How to Get Rid of Ticks on Your Dog
Ticks are bad news: They transmit several diseases that can cause severe illness and even death in both dogs and humans, so keeping your dog tick-free is a top priority.
Huge numbers of tick eggs hatch each spring, and the young ticks climb onto grasses and other vegetation. Their sticky shells help them to cling to passing animals, including your adventurous pet dog.
Ticks quickly climb down the hair, attach to the skin, and begin to suck blood, only dropping off hours or days later when they are engorged. In the meantime, any microorganisms that were hitching a ride inside this insect traveler are transmitted to your dog through the tick’s mouth.
Keeping your dog as free of ticks as possible is always the safest bet — not only for your dog, but for you as well. Here are some tick-prevention tips:
During the tick season (April through September), limit your dog’s exposure to known tick-infested areas. Ticks often hide in tall grasses and dense vegetation.
Use a tick preventive during the spring and summer months. Several products on the market kill both fleas and ticks (and why not knock out both at the same time?). You can apply these products monthly to the skin at the back of your dog’s neck. Ask your veterinarian to recommend the most effective product for your dog.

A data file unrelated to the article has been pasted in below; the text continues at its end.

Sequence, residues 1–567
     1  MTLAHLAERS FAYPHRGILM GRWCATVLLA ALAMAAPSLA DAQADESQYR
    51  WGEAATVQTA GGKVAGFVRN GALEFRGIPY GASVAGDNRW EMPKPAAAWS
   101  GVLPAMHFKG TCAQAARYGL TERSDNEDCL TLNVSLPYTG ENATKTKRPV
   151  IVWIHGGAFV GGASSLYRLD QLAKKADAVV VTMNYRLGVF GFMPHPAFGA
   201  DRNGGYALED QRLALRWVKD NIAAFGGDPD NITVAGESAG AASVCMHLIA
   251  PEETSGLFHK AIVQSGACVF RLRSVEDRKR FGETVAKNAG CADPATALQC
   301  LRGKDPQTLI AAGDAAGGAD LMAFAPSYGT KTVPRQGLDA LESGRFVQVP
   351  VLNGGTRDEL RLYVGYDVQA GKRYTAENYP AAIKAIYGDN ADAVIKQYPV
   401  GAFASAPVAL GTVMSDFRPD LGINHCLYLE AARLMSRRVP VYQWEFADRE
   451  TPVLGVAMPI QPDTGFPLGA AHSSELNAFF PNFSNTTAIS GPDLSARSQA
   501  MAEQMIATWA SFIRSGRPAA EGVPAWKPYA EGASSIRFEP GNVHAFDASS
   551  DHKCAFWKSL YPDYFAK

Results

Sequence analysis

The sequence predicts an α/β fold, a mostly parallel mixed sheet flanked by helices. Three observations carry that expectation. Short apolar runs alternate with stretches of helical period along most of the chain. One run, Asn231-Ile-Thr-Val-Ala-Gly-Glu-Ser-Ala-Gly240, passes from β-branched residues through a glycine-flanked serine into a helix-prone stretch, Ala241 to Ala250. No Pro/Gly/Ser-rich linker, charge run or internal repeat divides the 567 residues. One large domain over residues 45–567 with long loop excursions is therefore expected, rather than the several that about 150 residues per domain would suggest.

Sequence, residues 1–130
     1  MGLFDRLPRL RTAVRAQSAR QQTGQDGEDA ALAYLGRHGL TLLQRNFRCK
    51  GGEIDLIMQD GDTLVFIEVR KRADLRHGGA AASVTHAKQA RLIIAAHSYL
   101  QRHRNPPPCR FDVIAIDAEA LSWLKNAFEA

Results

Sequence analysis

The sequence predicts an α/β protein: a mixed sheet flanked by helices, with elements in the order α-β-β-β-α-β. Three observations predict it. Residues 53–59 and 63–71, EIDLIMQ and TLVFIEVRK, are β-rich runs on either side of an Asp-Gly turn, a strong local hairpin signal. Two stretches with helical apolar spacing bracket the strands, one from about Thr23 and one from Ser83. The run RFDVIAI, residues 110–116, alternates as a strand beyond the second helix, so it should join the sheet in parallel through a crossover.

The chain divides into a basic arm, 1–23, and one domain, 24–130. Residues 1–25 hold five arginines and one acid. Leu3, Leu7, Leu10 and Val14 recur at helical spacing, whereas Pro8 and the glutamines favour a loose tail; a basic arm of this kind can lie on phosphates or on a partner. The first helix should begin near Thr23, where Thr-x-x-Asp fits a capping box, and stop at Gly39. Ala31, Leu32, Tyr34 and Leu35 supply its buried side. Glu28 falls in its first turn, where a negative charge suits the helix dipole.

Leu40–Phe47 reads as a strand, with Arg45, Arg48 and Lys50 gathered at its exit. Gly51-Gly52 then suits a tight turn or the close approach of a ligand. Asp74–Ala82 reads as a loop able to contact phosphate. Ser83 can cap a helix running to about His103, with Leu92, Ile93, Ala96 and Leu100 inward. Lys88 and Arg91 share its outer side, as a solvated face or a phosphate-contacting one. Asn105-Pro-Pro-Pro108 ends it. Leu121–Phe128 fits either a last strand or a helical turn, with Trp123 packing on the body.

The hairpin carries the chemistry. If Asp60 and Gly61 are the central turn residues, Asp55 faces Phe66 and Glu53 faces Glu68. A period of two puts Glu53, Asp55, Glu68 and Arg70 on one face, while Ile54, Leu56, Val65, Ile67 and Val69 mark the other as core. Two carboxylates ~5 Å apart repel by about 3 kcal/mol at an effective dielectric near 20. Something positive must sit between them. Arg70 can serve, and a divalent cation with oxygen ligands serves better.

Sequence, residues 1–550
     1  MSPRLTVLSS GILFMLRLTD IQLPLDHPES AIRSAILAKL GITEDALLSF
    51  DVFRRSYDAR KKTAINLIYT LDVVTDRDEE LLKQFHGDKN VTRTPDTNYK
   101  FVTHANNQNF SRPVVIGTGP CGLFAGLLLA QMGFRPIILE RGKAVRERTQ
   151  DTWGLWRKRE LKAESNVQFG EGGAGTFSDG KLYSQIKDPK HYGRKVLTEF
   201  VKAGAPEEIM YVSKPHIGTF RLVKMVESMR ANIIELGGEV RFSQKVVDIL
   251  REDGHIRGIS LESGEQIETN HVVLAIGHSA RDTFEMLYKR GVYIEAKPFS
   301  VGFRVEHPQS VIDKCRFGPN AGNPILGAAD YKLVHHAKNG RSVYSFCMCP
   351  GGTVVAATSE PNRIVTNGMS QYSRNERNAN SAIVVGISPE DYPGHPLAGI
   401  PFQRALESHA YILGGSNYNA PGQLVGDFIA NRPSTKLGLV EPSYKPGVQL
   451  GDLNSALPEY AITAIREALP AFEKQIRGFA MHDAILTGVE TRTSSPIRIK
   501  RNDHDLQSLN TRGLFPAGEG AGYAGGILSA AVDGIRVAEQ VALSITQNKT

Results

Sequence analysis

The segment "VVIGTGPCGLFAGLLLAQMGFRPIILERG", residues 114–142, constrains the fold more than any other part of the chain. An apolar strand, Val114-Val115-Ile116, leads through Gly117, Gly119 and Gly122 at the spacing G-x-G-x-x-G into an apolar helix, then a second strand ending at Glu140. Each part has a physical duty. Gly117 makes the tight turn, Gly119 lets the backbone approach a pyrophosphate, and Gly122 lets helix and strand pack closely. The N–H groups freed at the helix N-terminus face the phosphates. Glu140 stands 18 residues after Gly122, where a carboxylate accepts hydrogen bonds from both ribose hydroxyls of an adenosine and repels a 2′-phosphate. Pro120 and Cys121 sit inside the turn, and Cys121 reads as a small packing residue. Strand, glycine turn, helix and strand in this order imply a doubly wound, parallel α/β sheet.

Examine your dog for ticks daily during tick season. If you suspect he has been romping in a tick-infested area, examine him for ticks immediately. Be sure to check inside and behind his ears and around his eyes, all favorite tick hiding places.
To remove a tick, follow these steps:
Use a pair of tweezers to grasp the head of the tick where it attaches to the skin.
Wear gloves if you plan to use your fingers to remove the tick.
Pull on the tick gently and steadily. If you yank the tick away from your dog too quickly, you’ll leave part of the tick’s mouth behind, which can cause an infection.
In about 20 to 30 seconds, the tick’s mouth will release its grasp and the tick will come away cleanly.
Dab some disinfectant on your dog on the bitten area, being extremely careful if you’re around your dog’s eyes.
Kill the tick by placing it in alcohol.
Save the dead tick in a resealable plastic bag, labeled with the date on which the tick was found.
This may sound weird, but if your dog becomes ill, you may need to identify the species of tick that bit him.
Never remove a tick with your bare hands, and never crush a tick between your fingers. If you do, you put yourself at risk of contracting Lyme disease or one of the other tick-borne diseases.
If your dog becomes ill and you recently found a tick on him, seek veterinary attention immediately. Most tick-borne diseases can be treated successfully if a diagnosis is made immediately and appropriate treatment initiated. If the tick-borne organisms are allowed to gain a foothold, however, these bad bugs can cause serious illness or even death.